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I have the coupled system:

$$ \left\{ \begin{array}{c} dx/ds=p_1 \\ dp_1/ds=-x \end{array} \right. $$

I Tried solving it with the change of coordinates (eigenvalue, eigenvector) approach, but I ended up with one eigenvalue: $$\lambda = i$$ Therefore I do not know how to form my decoupling matrix, because AFAIK there are 2 methods for building it: finding the inverse matrix of the eigenvector matrix or making a diagonal matrix with the eigenvalues on the main diagonal. Since there is only one eigenvalue, the eigenvector matrix is not square and it has no inverse matrix and using the other method just produces a single number: i, which would not decouple the system.

Is there any other approach for building the decoupling matrix?

If there is not, what other method could I use, to solve the initial problem?

Thank you!

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    $\begingroup$ You can still diagonalize this system using both the eigenvalue $i$ and the eigenvalue $-i$. These each have one linearly independent eigenvector so you can proceed in the usual way (though you will need to deal with complex number arithmetic). You can save some calculation by noticing that if $A$ is real $v$ is an eigenvector $\lambda$ then $\overline{v}$ is an eigenvector with eigenvalue $\overline{\lambda}$. $\endgroup$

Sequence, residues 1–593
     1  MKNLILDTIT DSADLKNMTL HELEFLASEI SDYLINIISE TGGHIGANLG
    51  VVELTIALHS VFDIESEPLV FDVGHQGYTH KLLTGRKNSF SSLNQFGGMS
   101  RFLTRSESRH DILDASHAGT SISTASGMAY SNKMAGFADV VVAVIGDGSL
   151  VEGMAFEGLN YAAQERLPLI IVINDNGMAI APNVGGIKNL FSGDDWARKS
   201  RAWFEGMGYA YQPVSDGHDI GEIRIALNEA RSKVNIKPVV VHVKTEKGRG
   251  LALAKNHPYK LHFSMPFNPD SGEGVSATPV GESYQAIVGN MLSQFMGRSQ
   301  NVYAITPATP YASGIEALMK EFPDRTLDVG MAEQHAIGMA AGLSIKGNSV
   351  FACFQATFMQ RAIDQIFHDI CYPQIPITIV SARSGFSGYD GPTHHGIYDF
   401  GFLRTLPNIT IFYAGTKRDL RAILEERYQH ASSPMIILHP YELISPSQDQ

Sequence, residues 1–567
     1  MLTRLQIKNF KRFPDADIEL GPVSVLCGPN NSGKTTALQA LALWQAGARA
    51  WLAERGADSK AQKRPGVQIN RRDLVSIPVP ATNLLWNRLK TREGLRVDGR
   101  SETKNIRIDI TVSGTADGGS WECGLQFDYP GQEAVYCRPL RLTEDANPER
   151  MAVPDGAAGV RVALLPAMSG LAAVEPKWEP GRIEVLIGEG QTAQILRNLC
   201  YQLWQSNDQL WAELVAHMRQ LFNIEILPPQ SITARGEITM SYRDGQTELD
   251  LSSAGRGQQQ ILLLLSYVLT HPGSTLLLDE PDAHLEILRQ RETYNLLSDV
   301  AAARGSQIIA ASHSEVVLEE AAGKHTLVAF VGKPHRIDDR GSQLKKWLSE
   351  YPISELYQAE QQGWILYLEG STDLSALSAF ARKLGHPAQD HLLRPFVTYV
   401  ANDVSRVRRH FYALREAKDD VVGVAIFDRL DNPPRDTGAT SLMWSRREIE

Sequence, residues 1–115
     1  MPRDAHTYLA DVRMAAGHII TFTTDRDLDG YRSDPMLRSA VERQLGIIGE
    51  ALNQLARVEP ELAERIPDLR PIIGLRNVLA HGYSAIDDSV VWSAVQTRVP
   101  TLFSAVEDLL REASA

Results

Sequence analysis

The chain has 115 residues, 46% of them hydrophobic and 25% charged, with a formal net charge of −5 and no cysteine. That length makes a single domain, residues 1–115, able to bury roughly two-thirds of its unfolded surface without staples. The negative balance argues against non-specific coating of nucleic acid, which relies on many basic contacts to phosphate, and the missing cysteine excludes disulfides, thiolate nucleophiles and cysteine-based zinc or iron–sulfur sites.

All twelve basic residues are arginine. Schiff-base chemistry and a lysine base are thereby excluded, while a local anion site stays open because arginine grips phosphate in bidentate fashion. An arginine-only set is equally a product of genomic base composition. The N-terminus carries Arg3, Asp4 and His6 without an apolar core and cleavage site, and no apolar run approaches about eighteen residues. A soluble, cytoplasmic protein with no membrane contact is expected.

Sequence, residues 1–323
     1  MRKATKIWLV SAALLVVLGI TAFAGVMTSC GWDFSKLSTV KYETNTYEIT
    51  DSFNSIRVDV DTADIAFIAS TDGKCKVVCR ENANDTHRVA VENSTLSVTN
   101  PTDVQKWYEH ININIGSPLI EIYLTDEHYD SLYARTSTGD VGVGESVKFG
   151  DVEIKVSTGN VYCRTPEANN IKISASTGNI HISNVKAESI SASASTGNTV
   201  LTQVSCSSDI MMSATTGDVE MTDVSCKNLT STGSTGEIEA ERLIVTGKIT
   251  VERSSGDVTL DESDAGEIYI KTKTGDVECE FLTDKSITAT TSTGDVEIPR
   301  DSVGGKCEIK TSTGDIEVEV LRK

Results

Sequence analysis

– Ian
    Commented Jun 15, 2017 at 13:58
  • $\begingroup$ This of course does not work as given for a matrix that is actually nondiagonalizable like $\begin{bmatrix} 1 & 1 \\ 0 & 1 \end{bmatrix}$; in these cases you need to know the exponential of larger Jordan blocks. $\endgroup$
    – Ian
    Commented Jun 15, 2017 at 14:01

1 Answer 1

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So, @Ian's comment made me do my calculation once again, which led me to the conclusion, that I was wrong before and the system actually has 2 eigenvalues $$ \lambda_1 = 1 \ \ and\ \lambda_2 = -1 $$ Therefore, I can use the usual algorithm and the impediment is gone.

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